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  11. Metformin may reduce cancer mortality riskRead the original story w/Photo

    Monday Apr 18 | PhysOrg Weblog

    Metformin may reduce the risk of dying from some cancers for postmenopausal women with type 2 diabetes, according to a study published in the April 15 issue of the International Journal of Cancer . The study team reviewed data from 145,826 postmenopausal women between the ages of 50 and 79. The information was collected between 1993 and 1998 and came from the Women's Health Initiative study.

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  12. Diabetes drug, metformin, lowers risk of heart disease deaths better than sulfonylureasRead the original story w/Photo

    Sunday Apr 17 | EurekAlert!

    A new analysis of 204 studies involving more than 1.4 million people suggests that metformin, the most frequently prescribed stand-alone drug for type 2 diabetes, reduces the relative risk of a patient dying from heart disease by about 30 to 40 percent compared to its closest competitor drug, sulfonylurea. The study, designed to assess the comparative -- not absolute or individual -- benefits and risks of more than a dozen FDA-approved drugs for lowering blood sugar in type 2 diabetes, is described in the April 19, 2016 issue of the Annals of Internal Medicine .

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  13. ACP urges immediate global action to avert devastating effects of climate changeRead the original story w/Photo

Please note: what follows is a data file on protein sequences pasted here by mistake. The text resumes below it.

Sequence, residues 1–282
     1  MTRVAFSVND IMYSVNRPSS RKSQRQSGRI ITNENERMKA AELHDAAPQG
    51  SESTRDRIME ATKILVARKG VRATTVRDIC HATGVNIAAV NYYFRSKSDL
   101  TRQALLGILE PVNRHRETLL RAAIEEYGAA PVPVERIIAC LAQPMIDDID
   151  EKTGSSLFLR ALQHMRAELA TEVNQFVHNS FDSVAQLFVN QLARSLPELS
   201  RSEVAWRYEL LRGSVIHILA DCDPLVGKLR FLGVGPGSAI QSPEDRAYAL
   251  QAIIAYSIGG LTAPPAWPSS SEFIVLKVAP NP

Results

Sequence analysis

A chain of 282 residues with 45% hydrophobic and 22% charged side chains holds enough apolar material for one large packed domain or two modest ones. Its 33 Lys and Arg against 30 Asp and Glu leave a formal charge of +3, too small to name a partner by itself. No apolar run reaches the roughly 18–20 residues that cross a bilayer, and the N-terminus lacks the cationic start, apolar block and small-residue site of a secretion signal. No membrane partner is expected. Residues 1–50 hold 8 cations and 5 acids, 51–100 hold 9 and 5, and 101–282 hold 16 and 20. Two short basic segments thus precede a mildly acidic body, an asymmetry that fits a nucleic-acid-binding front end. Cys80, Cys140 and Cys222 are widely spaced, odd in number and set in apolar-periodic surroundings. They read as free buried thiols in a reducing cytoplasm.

Sunday Apr 17 | EurekAlert!

    To book Dr. Riley for an interview, contact Sue Higgins at DS Simon Media. Climate change will have devastating consequences for public and individual health unless aggressive, global action is taken now to curb greenhouse gas emissions, the American College of Physicians says in a new policy paper published in Annals of Internal Medicine .

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  14. Sugar shock: Insulin costs tripled in 10 years, study findsRead the original story

    Sunday Apr 10 | Holtville Tribune

    People with diabetes who rely on insulin have seen the cost of that drug triple in just a decade - even as doctors have prescribed higher doses to drive down their blood sugar levels. Meanwhile, the cost of other diabetes drugs has stayed about the same or even gone down.

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  15. The impact of initial antidiabetic agent and use of monitoring agents ...Read the original story

    Sunday Apr 10 | CiteULike

    The impact of initial antidiabetic agent and use of monitoring agents on prescription costs in newly treated type 2 diabetes: A retrospective cohort analysis. To insert individual citation into a bibliography in a word-processor, select your preferred citation style below and drag-and-drop it into the document.